Fourteen new souls were added to Christ — some in a special baptismal tank built by church members Mark Shockey and Richard Engor and filled with 1,100 gallons of water.
“It made all the sweat and sawdust and everything worth it,” Shockey said.
Months before the campaign, organizers began running a television commercial on NBC affiliate WTAP, Parkersburg’s only local station.
The “Search” program, featuring Bible studies by Mack Lyon and Sanders and singing by the Edmond Church of Christ, airs each Sunday on that station.
In the 30-second ad, which appeared 578 times, Sanders let viewers know that church members would be coming to their doors.
“The reasoning is, you don’t want it to be a cold knock on the door,” said Ken Long, WTAP’s local sales manager and a North End member.
Besides the North End and Concord Road churches, participating congregations included the Camden Avenue church in Parkersburg; the Grand Central church in Vienna, W.Va.; the Hopewell church in rural Wood County, W.Va.; the Lubeck church in Washington, W.Va.; and the Rockport, W.Va., church.
Others were the Rosemar church in Parkersburg; the 36th Street church in Vienna; the New Matamoras, Ohio, church; the Barlow-Vincent church in Vincent, Ohio; the Belpre, Ohio, church; and the Mount Juliet, Tenn., church.
“I wonder if the best thing that won’t come from this … is just the tremendous cooperation of the churches,” said Terry Garner, a 36th Street church elder.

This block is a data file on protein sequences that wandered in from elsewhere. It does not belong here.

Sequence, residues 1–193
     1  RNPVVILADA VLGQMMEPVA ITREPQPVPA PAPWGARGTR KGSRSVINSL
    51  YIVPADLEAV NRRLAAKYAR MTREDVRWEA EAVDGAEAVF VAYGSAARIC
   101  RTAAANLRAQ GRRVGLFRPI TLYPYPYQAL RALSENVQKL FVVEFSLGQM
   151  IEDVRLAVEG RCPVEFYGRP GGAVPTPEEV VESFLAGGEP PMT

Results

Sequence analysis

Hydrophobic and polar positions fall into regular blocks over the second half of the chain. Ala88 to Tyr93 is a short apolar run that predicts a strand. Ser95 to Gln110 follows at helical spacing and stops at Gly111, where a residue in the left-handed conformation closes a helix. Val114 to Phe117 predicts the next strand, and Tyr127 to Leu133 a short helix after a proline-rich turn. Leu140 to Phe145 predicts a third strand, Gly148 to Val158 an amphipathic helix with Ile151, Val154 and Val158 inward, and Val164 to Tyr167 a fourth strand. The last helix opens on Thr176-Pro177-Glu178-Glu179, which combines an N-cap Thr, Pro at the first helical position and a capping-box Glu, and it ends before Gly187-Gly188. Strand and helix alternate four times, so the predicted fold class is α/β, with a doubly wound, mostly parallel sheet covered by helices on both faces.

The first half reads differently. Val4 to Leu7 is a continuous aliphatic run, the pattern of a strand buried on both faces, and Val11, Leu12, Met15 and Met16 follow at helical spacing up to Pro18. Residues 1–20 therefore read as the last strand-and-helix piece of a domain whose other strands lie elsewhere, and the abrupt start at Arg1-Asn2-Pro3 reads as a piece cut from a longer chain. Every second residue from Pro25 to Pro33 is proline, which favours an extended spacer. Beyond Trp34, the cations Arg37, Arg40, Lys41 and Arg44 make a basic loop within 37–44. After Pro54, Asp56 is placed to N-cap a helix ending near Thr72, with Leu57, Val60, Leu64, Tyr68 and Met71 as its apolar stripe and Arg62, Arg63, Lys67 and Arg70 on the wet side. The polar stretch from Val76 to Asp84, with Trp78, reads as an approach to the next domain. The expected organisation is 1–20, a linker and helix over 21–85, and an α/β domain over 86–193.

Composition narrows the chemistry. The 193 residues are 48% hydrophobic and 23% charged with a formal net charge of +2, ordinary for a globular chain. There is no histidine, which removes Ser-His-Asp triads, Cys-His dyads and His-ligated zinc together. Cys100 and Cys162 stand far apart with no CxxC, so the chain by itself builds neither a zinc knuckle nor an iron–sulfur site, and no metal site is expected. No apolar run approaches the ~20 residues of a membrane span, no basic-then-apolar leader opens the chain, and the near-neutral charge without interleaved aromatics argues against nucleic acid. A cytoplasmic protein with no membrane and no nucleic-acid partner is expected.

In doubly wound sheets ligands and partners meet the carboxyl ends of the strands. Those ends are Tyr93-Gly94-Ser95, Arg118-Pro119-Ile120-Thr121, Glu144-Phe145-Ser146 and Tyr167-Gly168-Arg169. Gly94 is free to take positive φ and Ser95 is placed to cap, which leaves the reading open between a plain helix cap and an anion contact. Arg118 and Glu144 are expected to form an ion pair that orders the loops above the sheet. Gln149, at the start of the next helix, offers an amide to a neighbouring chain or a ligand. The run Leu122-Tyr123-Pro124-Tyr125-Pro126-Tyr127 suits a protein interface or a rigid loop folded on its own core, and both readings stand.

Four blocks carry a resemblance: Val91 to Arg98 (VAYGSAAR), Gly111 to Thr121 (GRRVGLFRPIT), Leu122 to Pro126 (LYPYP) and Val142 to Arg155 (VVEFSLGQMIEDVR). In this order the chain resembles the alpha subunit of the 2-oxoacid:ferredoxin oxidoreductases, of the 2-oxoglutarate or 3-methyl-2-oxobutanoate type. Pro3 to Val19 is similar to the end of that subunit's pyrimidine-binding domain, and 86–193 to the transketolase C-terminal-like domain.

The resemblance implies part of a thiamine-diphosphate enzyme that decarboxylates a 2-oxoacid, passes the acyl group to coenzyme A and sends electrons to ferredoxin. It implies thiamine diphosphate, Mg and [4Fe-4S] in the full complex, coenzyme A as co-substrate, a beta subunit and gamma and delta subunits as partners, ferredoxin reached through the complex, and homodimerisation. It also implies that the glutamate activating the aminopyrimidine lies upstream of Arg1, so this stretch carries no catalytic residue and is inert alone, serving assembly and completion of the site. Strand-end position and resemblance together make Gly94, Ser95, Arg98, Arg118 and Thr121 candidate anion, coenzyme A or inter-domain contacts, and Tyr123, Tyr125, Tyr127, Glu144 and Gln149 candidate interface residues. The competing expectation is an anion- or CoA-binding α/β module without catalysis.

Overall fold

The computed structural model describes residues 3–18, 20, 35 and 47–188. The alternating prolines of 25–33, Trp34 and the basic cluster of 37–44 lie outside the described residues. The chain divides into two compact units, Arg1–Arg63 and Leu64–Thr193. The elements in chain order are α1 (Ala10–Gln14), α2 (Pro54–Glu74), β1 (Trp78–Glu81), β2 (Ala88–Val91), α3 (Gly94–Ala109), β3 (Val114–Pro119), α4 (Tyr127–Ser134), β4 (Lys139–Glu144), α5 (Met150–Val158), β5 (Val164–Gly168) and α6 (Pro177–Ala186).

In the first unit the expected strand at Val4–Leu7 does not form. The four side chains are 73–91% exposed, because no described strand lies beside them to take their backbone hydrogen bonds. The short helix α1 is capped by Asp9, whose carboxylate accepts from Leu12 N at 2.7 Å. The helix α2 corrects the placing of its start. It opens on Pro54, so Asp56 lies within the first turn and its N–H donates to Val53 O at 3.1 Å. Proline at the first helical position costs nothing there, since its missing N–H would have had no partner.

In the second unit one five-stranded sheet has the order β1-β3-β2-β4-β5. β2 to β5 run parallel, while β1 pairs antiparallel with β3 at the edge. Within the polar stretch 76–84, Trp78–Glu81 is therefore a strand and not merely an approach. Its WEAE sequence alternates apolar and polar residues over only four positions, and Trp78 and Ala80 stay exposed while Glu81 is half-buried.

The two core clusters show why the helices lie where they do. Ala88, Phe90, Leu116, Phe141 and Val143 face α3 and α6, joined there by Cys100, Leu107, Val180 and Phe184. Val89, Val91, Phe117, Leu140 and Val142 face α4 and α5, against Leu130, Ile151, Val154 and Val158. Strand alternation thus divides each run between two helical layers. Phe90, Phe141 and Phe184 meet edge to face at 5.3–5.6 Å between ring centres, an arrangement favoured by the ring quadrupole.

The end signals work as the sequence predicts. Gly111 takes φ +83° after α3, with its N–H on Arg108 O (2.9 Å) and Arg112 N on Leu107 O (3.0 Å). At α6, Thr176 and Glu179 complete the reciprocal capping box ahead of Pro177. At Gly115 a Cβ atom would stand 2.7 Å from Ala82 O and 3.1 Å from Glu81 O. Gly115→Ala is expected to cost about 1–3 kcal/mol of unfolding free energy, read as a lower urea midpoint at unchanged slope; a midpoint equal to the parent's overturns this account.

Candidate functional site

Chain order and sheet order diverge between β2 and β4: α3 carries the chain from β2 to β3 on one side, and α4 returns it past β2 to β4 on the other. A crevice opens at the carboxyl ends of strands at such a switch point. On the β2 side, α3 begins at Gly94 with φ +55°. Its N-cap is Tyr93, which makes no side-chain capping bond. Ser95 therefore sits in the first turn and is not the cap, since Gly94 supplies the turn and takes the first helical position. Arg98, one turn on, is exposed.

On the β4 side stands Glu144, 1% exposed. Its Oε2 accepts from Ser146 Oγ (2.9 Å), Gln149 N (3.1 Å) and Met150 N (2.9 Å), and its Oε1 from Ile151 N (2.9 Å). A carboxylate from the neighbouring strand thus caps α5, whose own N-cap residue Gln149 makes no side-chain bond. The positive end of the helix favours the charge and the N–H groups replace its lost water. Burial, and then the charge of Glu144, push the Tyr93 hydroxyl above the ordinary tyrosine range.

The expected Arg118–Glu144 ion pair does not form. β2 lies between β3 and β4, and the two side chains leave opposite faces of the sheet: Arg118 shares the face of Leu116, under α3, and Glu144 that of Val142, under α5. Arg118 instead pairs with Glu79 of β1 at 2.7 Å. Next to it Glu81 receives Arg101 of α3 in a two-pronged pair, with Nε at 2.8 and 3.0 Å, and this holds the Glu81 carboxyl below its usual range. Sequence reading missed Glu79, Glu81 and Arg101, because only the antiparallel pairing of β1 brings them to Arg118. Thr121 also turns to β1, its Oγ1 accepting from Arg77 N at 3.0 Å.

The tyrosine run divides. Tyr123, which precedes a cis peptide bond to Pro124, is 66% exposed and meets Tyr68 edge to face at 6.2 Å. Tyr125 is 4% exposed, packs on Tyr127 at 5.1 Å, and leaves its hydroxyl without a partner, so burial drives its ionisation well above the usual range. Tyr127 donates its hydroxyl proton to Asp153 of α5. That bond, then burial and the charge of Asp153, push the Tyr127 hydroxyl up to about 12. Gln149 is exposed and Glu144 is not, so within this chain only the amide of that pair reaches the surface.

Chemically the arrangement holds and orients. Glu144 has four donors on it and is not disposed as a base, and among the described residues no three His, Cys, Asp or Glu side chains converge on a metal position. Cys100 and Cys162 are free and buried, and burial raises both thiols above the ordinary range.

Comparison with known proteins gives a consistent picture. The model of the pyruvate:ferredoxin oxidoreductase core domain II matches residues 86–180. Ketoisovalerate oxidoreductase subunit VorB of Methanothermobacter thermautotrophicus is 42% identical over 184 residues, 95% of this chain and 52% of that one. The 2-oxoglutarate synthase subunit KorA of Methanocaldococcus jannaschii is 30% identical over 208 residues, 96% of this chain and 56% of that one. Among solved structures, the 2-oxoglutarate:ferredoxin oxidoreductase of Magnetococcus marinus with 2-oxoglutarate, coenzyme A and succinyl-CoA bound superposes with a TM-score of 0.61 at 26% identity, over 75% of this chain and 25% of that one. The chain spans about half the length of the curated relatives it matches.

Said Ron Riddle, a Camden Avenue church elder: “We’ve witnessed the church come together and people get up and want to work together. It’s strengthened the brotherhood.”


For North End members Ray and Karen Hoover, the 1967 meeting was memorable in more ways than one: It’s where they went on their first date.
Both recall that the field house was packed, but they’re quick to point out that times were different.
“Everybody went to church back then, you know?” Karen Hoover said
Crowds averaged more than 2,500 per night at the 1967 event.
This time, the meeting drew an average of 970 people.
“The numbers were excellent, considering the declines in the population and membership at some churches,” said Stephens, who hopes the Parkersburg approach can become a prototype for campaigns in other cities.
“Remember, 90-degree temperatures without air-conditioning were a challenge, and we still had two nights with over 1,100 people,” he added.
Besides the dozen-plus baptisms, numerous contacts were made, Stephens said.
“Hundreds of Bible studies are ongoing,” he said.
The campaign came on the heels of the 11th annual Mid-Ohio Valley Work Camp organized by Churches of Christ.
About 450 teenagers from 14 states gathered in Parkersburg to paint the homes of needy residents.
“I heard people say, ‘Hey, that renewed my faith in the teenagers of America today,’” said Garner, the 36th Street elder. “So now, that’s coupled with this, where we went to the doors and we didn’t use high pressure. We just said, ‘Hey, we’re concerned about your souls.’
“I just can’t believe that we won’t see ramifications from this and a groundswell over the next few months and even years.”

  • Feedback
    Yes, door knocking still works because it is about the Word, not the person.
    Sadly I had a young preacher say to me recently we are not planting congregations because we need the right man who will draw people, you can teach anybody to preach. I so disagree. It is the Word that draws people.
    We must draw people to Christ, not to personalities. That will not change.
    Andrea Lorick
    East Baltimore COC
    Baltimore, MD
    September, 9 2010